Simon Says

There was a bit more dialog today about impersonating the DB2 instance owner.  It’s a quick way to get around controls that newer versions of DB2 and tighter Windows and network security have brought us.  The extra step is annoying, but trying to convince the system you don’t need it is often worse.

Impersonation and elevation have become the “new normal” these days.  I’ve grown so accustomed to opening “run as administrator” shells in UAC Windows (7/Vista/2008), typing runas commands in XP, and using sudo in Ubuntu that these have become second nature.  And that level of user acceptance usually translates into approval to expand the practice, rather than a mandate to remove the inconvenience.  Enhancing security usually includes putting up new barriers.

A former co-worker has often said that what we really need is software that determines whether a user’s intentions are honorable.  Perhaps then security would become seamless.  But it’s more likely that its implementation would also test our manners and fading patience.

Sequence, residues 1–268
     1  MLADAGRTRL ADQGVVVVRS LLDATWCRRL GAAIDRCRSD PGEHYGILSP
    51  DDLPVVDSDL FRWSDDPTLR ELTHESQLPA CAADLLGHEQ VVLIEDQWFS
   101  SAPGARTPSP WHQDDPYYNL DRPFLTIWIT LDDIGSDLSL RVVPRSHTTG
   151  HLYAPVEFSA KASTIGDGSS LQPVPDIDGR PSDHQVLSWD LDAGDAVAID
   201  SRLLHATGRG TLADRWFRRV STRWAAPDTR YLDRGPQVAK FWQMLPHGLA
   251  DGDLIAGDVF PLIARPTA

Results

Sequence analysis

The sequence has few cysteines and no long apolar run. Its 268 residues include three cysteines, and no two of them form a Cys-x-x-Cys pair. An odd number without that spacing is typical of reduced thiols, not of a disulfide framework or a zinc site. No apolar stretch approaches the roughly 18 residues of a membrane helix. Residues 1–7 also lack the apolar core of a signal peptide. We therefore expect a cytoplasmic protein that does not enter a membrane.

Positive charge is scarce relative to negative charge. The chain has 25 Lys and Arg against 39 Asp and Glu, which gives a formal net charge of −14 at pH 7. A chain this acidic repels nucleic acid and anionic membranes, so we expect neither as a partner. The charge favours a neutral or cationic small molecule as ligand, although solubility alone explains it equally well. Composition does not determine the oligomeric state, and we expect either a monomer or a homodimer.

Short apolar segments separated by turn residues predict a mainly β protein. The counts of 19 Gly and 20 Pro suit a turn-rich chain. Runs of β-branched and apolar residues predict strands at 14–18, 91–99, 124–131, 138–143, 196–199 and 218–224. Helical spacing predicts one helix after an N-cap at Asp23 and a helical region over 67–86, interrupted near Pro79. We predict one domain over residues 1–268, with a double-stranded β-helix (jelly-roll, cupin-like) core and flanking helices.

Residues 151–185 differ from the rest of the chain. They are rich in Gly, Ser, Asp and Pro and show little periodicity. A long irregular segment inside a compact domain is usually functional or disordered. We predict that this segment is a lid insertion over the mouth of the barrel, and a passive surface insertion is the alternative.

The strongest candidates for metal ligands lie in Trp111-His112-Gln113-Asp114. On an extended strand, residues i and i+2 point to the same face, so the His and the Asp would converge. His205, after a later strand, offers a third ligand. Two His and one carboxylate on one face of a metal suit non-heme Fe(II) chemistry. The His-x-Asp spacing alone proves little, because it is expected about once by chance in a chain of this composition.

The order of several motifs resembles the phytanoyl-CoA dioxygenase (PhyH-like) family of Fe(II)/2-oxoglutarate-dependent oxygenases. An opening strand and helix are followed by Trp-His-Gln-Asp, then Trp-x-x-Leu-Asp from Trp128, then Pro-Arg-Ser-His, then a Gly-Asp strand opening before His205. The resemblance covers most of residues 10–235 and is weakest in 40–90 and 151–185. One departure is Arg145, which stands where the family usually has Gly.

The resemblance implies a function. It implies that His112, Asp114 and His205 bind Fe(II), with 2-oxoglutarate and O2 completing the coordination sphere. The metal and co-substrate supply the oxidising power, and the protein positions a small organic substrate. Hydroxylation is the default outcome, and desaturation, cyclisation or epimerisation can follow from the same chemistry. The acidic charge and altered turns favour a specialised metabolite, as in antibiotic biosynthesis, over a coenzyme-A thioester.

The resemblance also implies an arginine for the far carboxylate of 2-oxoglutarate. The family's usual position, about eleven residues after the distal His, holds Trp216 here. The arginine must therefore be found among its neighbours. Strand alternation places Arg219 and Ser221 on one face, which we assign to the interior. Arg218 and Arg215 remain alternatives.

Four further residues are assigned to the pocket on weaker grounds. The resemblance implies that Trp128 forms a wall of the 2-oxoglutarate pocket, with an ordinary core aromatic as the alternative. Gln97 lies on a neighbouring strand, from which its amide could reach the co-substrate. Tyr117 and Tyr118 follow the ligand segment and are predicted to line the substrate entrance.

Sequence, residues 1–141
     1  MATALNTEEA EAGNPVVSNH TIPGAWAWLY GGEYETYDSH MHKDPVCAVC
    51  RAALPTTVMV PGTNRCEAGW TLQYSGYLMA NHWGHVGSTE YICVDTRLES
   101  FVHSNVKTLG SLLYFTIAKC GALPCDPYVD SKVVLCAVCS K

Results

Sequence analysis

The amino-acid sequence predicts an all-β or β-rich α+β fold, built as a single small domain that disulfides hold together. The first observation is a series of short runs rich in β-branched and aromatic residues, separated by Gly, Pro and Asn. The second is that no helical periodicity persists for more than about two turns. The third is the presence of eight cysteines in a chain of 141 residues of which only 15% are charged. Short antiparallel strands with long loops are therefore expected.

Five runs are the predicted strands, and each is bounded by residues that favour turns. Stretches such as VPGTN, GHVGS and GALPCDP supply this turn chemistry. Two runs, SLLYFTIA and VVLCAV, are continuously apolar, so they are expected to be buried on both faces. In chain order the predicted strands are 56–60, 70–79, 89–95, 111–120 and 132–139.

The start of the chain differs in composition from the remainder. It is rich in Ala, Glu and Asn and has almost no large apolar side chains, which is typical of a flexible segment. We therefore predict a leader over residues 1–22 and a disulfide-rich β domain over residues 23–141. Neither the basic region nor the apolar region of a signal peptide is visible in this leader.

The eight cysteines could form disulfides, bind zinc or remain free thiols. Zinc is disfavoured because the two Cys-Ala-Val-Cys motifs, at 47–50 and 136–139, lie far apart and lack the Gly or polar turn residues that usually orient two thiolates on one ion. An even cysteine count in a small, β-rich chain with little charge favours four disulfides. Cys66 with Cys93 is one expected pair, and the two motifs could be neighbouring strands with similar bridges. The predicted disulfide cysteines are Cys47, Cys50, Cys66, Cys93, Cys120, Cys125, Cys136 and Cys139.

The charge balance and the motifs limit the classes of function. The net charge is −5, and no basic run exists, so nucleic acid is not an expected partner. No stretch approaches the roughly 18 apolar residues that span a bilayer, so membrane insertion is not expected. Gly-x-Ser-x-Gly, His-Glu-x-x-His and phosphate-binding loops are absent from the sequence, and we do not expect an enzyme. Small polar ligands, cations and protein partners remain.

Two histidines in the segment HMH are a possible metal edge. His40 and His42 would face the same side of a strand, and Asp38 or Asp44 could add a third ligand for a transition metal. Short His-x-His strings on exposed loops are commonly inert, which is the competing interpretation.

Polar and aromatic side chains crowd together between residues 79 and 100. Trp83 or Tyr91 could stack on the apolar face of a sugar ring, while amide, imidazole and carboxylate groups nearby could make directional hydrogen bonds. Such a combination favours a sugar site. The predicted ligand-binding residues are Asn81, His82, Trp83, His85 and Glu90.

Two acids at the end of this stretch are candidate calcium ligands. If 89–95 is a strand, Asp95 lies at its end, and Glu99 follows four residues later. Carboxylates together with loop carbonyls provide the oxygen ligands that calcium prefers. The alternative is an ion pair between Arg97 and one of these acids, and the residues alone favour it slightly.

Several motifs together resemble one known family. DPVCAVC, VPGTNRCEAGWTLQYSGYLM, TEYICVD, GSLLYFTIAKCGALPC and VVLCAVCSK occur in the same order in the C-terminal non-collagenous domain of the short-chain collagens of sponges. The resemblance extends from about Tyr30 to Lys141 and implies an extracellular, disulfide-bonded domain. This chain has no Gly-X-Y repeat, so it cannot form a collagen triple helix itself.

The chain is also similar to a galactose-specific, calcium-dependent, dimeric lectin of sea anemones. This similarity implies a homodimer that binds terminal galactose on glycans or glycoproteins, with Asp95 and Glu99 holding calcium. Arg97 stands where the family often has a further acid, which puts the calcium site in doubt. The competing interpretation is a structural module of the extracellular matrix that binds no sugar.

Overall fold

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One thought on “Simon Says

  1. Derek Post author

    Today, Wayne pointed out that one authorization challenge of late was caused by recent domain/directory changes which blocked retrieval of group information for network user IDs. So, domain IDs (like our per-user IDs) could not be authenticated, while local admin IDs (residing in local groups) could. His work-around to return DB2 admin rights to domain IDs was to tell it to just use the local group lookup:

    db2set -g DB2_GRP_LOOKUP=LOCAL,TOKENLOCAL

    Which can be verified with:

    db2set -all | find /i “grp”

    For a good description of the merits of this setting, see, How to Develop DB2 Applications on an Airplane.

    I savored this new trick a few minutes until Jack pinged me for help correcting a failed DB2 9.5 install on a Windows 2008 R2 server. Upon launching DB2’s setup.exe, Windows presented the UAC elevation prompt, which gave the false sense that it had the admin rights it needed and all would be well. But, alas, the installation gave several obscure error messages and did not work. Fixing it was quick, however, and you can probably guess what I did: yes, I started setup.exe in a “run as administrator” command window. The “sudo sledgehammer” is quite a golden hammer.

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